ICE targets husband of Army chaplain for deportation after he was granted marriage exception

ICE targets husband of Army chaplain for deportation after he was granted marriage exception
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Immigration and Customs Enforcement (ICE) officials targeted a man for deportation shortly after he was granted a marriage exception for his immigration status, ABC News reported.

Sergio Avila immigrated illegally to the U.S. with his uncle when he was 7 years old. But after he married Army Chaplain Tim Brown last year, the couple filed for a marriage exception to allow Avila to become a legal citizen.

The couple was granted the exception by U.S. Citizenship and Immigration Services last month.


However, citing a past deportation order, ICE took Avila into custody last week. The agency targeted Avila "due to his status as an immigration fugitive and convicted criminal alien,” ICE said in a statement to ABC News.

A federal judge had ordered Avila to be removed from the U.S. in 2002 after he had been caught trying to enter the country illegally in Texas the year before. He was also convicted for driving while intoxicated in 2015.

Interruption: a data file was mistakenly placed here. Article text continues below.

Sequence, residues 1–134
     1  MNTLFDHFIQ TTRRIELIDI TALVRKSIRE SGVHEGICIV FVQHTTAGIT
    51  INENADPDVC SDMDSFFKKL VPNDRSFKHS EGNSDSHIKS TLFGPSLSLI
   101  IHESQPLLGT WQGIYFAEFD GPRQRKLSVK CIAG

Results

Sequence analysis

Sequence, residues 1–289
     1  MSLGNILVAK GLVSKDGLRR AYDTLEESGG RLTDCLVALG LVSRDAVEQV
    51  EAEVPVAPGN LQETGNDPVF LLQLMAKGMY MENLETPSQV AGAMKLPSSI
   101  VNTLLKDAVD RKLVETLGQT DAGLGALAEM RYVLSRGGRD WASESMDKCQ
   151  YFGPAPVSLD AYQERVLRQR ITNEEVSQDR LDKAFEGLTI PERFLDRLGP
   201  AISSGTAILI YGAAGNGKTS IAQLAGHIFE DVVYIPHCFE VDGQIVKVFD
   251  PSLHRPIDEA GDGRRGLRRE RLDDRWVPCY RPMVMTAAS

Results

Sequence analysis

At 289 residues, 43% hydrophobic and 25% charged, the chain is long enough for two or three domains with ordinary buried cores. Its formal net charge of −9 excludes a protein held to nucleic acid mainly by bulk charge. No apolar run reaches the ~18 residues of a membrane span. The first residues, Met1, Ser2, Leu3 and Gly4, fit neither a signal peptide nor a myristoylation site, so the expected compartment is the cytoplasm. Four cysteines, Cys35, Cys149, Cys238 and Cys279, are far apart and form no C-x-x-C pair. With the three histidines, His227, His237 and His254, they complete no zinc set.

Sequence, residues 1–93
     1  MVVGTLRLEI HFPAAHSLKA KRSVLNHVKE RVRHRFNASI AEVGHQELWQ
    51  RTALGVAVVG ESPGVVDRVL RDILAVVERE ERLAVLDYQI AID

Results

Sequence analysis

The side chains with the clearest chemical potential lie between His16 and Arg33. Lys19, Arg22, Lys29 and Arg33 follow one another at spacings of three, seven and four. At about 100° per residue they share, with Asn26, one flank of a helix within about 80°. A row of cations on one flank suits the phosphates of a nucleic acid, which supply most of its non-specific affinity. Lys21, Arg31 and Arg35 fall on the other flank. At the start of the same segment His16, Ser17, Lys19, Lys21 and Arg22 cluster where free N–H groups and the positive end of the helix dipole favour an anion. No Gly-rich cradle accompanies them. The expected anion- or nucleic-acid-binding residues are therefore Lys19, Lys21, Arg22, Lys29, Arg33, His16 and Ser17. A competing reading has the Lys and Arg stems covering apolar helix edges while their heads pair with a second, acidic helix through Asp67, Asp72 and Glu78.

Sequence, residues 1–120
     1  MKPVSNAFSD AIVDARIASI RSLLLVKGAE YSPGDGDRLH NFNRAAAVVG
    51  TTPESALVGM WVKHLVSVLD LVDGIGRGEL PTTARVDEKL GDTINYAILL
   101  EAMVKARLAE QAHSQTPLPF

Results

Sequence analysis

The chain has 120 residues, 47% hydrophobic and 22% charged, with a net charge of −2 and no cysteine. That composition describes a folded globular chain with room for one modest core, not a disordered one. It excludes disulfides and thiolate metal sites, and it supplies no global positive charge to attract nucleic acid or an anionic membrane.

ABC News reported that the outstanding detention order against Avila superseded the marriage exception.

Brown, Avila’s husband, is now fighting the order. He told ABC News that the detention came as a surprise because ICE agents had previously told him that they wouldn’t take the spouse of a military service member into custody and had thanked him for his service.

"U.S. Immigration and Customs Enforcement (ICE) respects the service and sacrifice of those in the military and the families who support them and is very deliberate in its review of cases associated with veterans and active-duty service members," ICE said in a statement on Monday.

"Foreign nationals illegally present in the United States are generally not eligible to adjust status through marriage without first leaving the United States," the agency continued.

Avila was released from ICE custody on Monday while an immigration court weighs an appeal on the order.

-Updated 8:45 p.m.